Chelsea Carter | Atlanta, Georgia | Post 2
I would like to address the feedback I received from my last article.
But first, I would like to apologize if what I wrote offended anyone. By all means, that was not my intention.
With that said, I really hope I can better explain what I was trying to convey.
To do so, I want to talk about something that is often ignored or superficially addressed: internalized prejudice/racism.
While I was raised in a multiracial home, I am perceived, and thus have been socialized, as a white woman.
I want to make something clear: I do not subscribe to white supremacist principals, nor do I support any institutionalized forms of racism or oppression.
But I do not want to lie. Because I was socialized the way I was, I grew up subconsciously internalizing the stereotypes I saw in advertisements, movies, and T.V. shows, those supported by my school’s limited and biased textbooks, employment of the tracking system, and segregated student body, and the ones I was taught by my privileged family and friends.
Attending PWI’s all of my life, I have not had the resources, experience, nor education needed to really deconstruct the myths I have grown to subconsciously accept.
This is why I wanted to go to Spelman. I wanted to hear new perspectives and see new realities. I wanted to learn everything I had never been taught and unlearn everything I had.
And the first thing I had to unlearn was my concept of race.
Before attending Spelman, I thought the color of my skin would isolate me from all the other students. And while there have been instances in which the color of my skin has dominated interactions with other students, I have learned something very important: that it is not skin color, but rather culture, that determines commonality. And I believe what contributed most to my previous misconception was witnessing the tokenization of black students.
I am so sorry if it seemed I was suggesting that all black individuals are alike. I know this to be untrue and anyone who believes this has a lot of unlearning to do.
And the reason I wrote what I wrote was because I believe dialogue helps develop universal understanding. I believe it is impossible to live in an inclusive and just society without first acknowledging, and then invalidating, our own internalized prejudices. While I wish I was raised differently, I think it would be more irresponsible to ignore the impact and implications of my problematic upbringing than it would be to acknowledge and address any internalized prejudice/racism I may have.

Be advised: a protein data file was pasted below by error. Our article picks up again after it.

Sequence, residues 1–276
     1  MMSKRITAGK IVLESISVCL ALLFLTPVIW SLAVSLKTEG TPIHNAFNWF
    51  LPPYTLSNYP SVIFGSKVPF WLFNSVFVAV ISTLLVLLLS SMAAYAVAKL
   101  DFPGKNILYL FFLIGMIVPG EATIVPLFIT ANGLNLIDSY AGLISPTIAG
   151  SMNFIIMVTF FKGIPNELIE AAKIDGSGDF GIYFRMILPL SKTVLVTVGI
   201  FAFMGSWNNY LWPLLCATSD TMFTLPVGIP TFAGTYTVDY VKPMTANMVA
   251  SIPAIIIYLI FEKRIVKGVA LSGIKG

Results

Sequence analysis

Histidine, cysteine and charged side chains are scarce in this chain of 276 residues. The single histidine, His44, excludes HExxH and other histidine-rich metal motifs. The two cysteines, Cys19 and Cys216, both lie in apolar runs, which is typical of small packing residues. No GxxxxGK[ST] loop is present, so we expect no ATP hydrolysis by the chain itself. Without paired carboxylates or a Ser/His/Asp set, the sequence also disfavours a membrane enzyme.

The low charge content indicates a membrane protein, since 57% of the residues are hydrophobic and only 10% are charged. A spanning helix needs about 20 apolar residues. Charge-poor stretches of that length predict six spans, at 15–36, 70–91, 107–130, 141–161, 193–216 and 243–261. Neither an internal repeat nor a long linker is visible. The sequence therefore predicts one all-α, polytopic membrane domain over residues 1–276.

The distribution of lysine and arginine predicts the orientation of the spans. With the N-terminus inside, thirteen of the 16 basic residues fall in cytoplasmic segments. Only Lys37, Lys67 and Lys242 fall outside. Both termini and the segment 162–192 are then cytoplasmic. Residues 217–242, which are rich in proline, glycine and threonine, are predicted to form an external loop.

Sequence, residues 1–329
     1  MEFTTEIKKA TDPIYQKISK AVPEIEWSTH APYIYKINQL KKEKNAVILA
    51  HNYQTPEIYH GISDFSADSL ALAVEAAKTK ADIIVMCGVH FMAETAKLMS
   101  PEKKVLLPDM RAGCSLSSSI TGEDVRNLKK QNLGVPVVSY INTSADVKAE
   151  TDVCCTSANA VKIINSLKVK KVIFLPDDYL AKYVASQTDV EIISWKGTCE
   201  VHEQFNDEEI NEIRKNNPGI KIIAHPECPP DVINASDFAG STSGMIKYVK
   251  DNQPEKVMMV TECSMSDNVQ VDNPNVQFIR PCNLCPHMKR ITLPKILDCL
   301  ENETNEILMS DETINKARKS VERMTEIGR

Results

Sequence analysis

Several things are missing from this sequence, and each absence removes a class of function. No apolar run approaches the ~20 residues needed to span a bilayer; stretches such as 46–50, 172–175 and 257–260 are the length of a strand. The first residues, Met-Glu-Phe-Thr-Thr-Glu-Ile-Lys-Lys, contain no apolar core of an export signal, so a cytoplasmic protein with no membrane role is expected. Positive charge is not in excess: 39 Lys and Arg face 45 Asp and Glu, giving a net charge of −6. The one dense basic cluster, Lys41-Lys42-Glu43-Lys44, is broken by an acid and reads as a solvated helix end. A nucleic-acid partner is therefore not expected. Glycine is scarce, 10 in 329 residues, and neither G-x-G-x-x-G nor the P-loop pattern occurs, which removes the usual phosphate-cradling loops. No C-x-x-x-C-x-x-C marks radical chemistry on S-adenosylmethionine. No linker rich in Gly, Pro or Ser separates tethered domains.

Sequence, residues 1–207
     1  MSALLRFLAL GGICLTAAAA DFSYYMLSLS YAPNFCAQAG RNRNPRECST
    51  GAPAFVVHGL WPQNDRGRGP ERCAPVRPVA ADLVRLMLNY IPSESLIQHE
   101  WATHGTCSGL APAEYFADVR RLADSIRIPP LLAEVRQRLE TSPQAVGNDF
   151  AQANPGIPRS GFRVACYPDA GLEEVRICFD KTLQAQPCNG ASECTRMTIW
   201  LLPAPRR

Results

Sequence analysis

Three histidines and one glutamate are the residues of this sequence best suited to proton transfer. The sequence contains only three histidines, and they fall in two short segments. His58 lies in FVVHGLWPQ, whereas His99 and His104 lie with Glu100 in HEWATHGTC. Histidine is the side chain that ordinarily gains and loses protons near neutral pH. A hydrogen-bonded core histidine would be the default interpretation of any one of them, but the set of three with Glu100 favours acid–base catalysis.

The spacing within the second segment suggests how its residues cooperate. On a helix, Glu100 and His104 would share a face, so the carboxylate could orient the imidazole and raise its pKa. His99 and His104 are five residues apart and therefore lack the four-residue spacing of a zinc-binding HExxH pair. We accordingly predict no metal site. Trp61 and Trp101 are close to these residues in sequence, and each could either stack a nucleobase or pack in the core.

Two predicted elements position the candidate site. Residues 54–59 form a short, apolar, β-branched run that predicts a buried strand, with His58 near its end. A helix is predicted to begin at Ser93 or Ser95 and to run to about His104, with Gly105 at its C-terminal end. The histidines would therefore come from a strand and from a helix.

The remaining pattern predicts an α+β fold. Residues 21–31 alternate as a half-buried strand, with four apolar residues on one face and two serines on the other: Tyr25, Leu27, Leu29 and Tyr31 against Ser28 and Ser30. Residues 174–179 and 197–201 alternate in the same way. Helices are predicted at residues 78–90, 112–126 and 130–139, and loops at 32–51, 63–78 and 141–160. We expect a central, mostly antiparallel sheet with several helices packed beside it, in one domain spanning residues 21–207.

To unlearn, I believe one needs to be introduced to the realities and histories often left untold. This is not to say one can simply sit about and wait for this process to happen. Rather, I believe it is an individual’s job to actively first acknowledge and then unlearn the problematic teachings of their upbringing.
Once again, I apologize if anything I have said has offended anyone.
Before Spelman, I was under the assumption I had done away with any problematic views or teachings; that I already lived in a deconstructed and race free reality and had already unlearned all that I needed to.
But I have realized that there is much more I need to unlearn. And I hope you understand that acknowledging this has not been easy. No one wants to admit they have work to do. But I know who I want to be and what I want to believe. And before I leave Vassar, I want to be able to honestly say I did everything I could to unlearn the problematic teachings of my past, for I believe I cannot be a true advocate for universal equality without first actively acknowledging the impact of my problematic upbringing.
Everything I have wrote thus far has been from my own personal experience. Please understand the interactions, feelings, and situations I have documented have been recorded to help keep track of my own learning and personal growth. I do not wish to depict others’ realities. I know what I need and have embarked upon my own journey.
With that said, I hope we can open up the floor to others, help them acknowledge any problematic views they may have, and urge them to do whatever they need to do to unlearn the problematic teachings of their past.
One thought on “Chelsea Carter | Atlanta, Georgia | Post 2”
I have no idea if you’ve graduated, or if you’ll ever see this, but I just wanted to commend you on your honest writing. I’m a freshman this year, originally from Atlanta, and have plenty of friends in the AUC (especially SpelHouse). This was a refreshing read, thanks for sharing.